A co-conspirator in a federal drug case involving a Pinehurst business man has also pleaded guilty to drug and money laundering charges in connection with a marijuana distribution ring.
Alexander W. Ferguson, of Suffolk, Va., entered guilty pleas in federal court in Raleigh to conspiracy to distribute and possess more than 100 kilograms (220 pounds) of marijuana and conspiracy to launder monetary instruments after waiving indictment earlier this month, according to federal court records.
A sentencing for Ferguson, who is free on bond, is tentatively scheduled for July 11 in federal court.
Pinehurst resident Michael T. Haas is scheduled to be sentenced on identical charges sometime in April after his initial hearing March 15 was delayed at the request of his attorney. No reason was given for the postponement.
Haas has remained free on an unsecured $1 million bond since he was arrested last August while playing golf on Pinehurst No. 2. Originally, the conditions of Haas’ release included a curfew of 11 p.m. to 6 a.m., and the requirement that he live with his sister in Wake County during that timeframe and be subjected to electronic monitoring. That restriction was lifted last month.
The criminal complaint against Haas, unsealed after his arrest, is based on an affidavit from a special agent with the N.C. Alcohol Law Enforcement division, who is part of a federal task force with the U.S. Drug Enforcement Administration.
The affidavit laid out how a “co-conspirator” — identified as Ferguson — helped piece together Haas’ role, as well another man identified in the complaint as Samuel Seth Smitwick, and provided the details on how the scheme reportedly worked. According to that affidavit, filed in the criminal complaint against Haas, the investigation is based in part on conversations Ferguson secretly taped while wearing a recording device in June. He was playing golf with Haas in Hawaii.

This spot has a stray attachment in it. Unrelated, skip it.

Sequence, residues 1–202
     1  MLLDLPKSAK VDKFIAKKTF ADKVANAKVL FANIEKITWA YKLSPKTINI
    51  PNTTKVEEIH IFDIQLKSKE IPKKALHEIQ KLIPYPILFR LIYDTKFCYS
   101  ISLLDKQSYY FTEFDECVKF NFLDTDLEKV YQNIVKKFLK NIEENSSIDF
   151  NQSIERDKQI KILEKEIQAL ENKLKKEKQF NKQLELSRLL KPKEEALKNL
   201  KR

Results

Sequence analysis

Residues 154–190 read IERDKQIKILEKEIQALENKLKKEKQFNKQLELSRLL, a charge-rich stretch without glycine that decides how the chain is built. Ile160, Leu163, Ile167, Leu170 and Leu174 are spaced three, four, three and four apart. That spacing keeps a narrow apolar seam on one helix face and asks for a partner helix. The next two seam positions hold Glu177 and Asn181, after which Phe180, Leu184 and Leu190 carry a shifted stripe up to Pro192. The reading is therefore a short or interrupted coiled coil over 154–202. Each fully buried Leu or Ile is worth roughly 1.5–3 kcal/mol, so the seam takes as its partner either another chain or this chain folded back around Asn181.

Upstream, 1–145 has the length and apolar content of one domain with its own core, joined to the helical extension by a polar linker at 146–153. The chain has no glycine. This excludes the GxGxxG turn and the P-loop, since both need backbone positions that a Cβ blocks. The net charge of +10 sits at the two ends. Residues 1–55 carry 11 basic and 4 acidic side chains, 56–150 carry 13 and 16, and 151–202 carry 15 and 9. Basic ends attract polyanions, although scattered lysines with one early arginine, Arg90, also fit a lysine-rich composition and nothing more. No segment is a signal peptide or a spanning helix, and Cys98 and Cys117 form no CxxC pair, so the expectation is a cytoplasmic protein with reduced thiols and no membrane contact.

Ferguson has been cooperating with investigators in “hopes of receiving leniency in prosecution,” according to the criminal complaint against Haas. The two criminal charges against Ferguson were filed Feb. 22.
According to the affidavit, a drug-smuggling plan was instigated in 2012 when Ferguson and Haas flew on a private jet to Germany to celebrate Oktoberfest. Ferguson asked Haas about using private jets to transport marijuana from the West Coast to North Carolina, according to the affidavit. Before then, he had been sending “bulk shipments” of marijuana through the Postal Service to North Carolina and Virginia.
Haas used his corporate credit card to pay for leasing private jets, costing thousands of dollars, for three shipments that October and early November, and another in January 2014.
A fifth flight was planned flight in July, but no marijuana was shipped. It was used as the final piece in building the case against Haas.